New Employee Orientation Vs. On-Boarding Programs

by Diane Chinn - Updated September 26, 2017
Orientation and on-boarding programs welcome new employees and help them learn about the organization.

In a 2003 survey, 5,643 new employees in a variety of companies were asked about their experience in their new jobs. Four percent reported that their first day on the job was so bad they never returned to work, which cost employers an average of $13,000 per worker, according to the human resources consulting firm Drake International. New employee orientation and on-boarding programs are used to introduce employees to the organization, prepare them to do their jobs effectively and build working relationships with the goal of retaining them and facilitating their productivity.

Orientation

New employee orientation is the traditional way to introduce a worker to an organization. Typically, the orientation takes four to eight hours and introduces workers to the organization’s structure, mission and policies. It includes an introduction to the employee handbook and basic information on pay schedules and benefits. New employees complete required paperwork for payroll and benefits enrollment. Once the orientation is completed, additional training and orientation activities are conducted at the discretion of the managers.

On-boarding

On-boarding is a more comprehensive approach to introducing and integrating new employees into an organization. Orientation is an early step in the on-boarding process, which can take 90 days to complete. In some organizations, the on-boarding process takes up to one year, depending on the organization and the position.

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Employee Socialization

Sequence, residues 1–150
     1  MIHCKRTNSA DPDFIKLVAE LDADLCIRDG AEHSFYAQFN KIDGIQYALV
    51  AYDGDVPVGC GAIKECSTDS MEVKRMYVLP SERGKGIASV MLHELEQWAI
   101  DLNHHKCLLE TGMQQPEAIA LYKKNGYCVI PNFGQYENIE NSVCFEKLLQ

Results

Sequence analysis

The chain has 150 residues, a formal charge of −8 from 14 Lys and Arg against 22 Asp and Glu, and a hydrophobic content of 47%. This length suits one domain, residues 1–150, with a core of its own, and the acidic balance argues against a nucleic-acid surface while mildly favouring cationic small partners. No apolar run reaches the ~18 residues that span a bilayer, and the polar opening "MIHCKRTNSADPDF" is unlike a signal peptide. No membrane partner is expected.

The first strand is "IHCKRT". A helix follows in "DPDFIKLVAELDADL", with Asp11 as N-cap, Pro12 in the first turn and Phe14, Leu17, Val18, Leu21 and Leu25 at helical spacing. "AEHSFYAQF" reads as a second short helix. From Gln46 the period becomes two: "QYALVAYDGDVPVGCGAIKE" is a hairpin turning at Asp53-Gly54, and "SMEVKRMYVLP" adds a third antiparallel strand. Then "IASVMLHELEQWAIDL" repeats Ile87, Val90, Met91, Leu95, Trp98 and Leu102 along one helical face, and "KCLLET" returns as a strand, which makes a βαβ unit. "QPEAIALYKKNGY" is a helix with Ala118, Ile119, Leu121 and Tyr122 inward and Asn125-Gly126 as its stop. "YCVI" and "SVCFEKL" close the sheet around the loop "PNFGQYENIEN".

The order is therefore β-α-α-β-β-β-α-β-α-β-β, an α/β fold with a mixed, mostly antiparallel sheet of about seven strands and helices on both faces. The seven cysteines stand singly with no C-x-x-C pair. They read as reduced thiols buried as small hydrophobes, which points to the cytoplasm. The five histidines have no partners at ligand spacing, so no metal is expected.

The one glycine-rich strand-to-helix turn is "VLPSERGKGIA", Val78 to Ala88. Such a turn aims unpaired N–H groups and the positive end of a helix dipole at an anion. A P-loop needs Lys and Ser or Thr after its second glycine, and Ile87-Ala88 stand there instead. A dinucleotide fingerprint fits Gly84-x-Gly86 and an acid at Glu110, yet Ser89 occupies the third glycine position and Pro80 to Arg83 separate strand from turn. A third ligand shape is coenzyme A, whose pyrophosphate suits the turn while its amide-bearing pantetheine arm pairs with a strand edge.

On-boarding programs help new workers acquire the knowledge, attitudes and behaviors they need to be successful in the organization. All new employees, regardless of their experience, need to learn about the social and technical aspects of the organization and their new jobs. Facilitated by the on-boarding process, employee socialization involves establishing effective relationships with coworkers, mastering job tasks, learning about formal and informal power structures, understanding the rules and culture of the organization, and learning the company jargon and acronyms.

Roles and Responsibilities

The Human Resources Department (HR) has overall responsibility for the on-boarding process. HR plans and develops the materials for the process and sets the schedule, in consultation with the employee’s immediate supervisor. Materials include basic organizational information supplemented by department- and team-specific information provided by the supervisor. In addition, the supervisor might assign a coworker to act as a mentor to the new employee. Throughout the first 30 days, the supervisor meets regularly with the new employee and mentor to review progress, share unwritten rules and traditions and establish goals and expectations. The manager or mentor also schedules interviews for the new employee with key team members, internal or external customers and others with whom the worker will interact on a regular basis. In the next 60 days, the manager and mentor continue to act as resources and guides for the new employee, answering questions, monitoring progress and providing coaching.

Desired Outcome

The goal of on-boarding, including orientation, is to help new employees quickly get up to speed and integrate them into the organization so they will be productive and stay with the organization. The success of an on-boarding program is shown by the new employee’s job satisfaction, understanding of job responsibilities, task mastery, social integration and organizational commitment.

About the Author

Diane Chinn is a freelance writer with more than 15 years experience in many areas, including business and technical communications. She has a Bachelor of Arts in psychology from California State University and a Master of Arts in human resources and industrial relations from the University of Minnesota. She is a Six Sigma Green Belt .

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